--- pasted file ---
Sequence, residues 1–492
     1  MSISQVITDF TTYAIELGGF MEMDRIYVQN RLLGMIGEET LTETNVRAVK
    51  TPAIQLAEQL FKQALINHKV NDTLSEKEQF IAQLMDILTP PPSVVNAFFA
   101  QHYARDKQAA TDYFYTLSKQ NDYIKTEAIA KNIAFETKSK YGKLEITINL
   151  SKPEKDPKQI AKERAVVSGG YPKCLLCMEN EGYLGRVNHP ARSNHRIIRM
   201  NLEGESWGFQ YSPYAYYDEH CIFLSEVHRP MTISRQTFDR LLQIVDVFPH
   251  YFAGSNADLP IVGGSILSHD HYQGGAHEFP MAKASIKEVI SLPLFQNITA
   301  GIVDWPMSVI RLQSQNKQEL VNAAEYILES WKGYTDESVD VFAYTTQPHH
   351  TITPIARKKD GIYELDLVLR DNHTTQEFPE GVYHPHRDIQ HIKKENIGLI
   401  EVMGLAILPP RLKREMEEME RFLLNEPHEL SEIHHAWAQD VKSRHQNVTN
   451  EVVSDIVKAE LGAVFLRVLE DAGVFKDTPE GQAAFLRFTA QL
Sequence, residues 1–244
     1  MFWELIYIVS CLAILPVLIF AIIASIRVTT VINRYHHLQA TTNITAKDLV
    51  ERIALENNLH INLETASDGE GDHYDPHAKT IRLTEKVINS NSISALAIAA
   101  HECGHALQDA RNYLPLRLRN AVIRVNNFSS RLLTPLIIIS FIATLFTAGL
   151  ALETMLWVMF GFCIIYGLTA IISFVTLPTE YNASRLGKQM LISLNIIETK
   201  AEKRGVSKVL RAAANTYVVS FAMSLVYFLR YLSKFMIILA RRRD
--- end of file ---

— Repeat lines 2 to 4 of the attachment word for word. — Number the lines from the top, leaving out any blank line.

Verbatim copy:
     1  MSISQVITDF TTYAIELGGF MEMDRIYVQN RLLGMIGEET LTETNVRAVK
    51  TPAIQLAEQL FKQALINHKV NDTLSEKEQF IAQLMDILTP PPSVVNAFFA
   101  QHYARDKQAA TDYFYTLSKQ NDYIKTEAIA KNIAFETKSK YGKLEITINL